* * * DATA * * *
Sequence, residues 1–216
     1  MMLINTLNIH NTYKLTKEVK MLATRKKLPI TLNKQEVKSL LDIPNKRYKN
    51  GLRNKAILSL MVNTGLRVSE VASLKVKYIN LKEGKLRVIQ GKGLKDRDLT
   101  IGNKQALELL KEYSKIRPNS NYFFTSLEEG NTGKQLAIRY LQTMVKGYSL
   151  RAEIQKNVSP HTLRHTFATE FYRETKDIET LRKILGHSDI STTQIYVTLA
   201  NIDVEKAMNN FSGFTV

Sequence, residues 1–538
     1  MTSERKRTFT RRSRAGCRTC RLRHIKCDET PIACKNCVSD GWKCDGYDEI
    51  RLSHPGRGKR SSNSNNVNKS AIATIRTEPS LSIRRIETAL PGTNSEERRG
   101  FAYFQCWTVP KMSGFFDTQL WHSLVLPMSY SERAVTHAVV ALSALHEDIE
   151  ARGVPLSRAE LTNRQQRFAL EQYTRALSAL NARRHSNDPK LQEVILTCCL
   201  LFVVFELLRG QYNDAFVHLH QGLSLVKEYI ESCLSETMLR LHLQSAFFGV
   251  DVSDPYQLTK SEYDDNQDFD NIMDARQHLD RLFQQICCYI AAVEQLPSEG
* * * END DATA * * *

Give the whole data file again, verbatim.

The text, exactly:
Sequence, residues 1–216
     1  MMLINTLNIH NTYKLTKEVK MLATRKKLPI TLNKQEVKSL LDIPNKRYKN
    51  GLRNKAILSL MVNTGLRVSE VASLKVKYIN LKEGKLRVIQ GKGLKDRDLT
   101  IGNKQALELL KEYSKIRPNS NYFFTSLEEG NTGKQLAIRY LQTMVKGYSL
   151  RAEIQKNVSP HTLRHTFATE FYRETKDIET LRKILGHSDI STTQIYVTLA
   201  NIDVEKAMNN FSGFTV

Sequence, residues 1–538
     1  MTSERKRTFT RRSRAGCRTC RLRHIKCDET PIACKNCVSD GWKCDGYDEI
    51  RLSHPGRGKR SSNSNNVNKS AIATIRTEPS LSIRRIETAL PGTNSEERRG
   101  FAYFQCWTVP KMSGFFDTQL WHSLVLPMSY SERAVTHAVV ALSALHEDIE
   151  ARGVPLSRAE LTNRQQRFAL EQYTRALSAL NARRHSNDPK LQEVILTCCL
   201  LFVVFELLRG QYNDAFVHLH QGLSLVKEYI ESCLSETMLR LHLQSAFFGV
   251  DVSDPYQLTK SEYDDNQDFD NIMDARQHLD RLFQQICCYI AAVEQLPSEG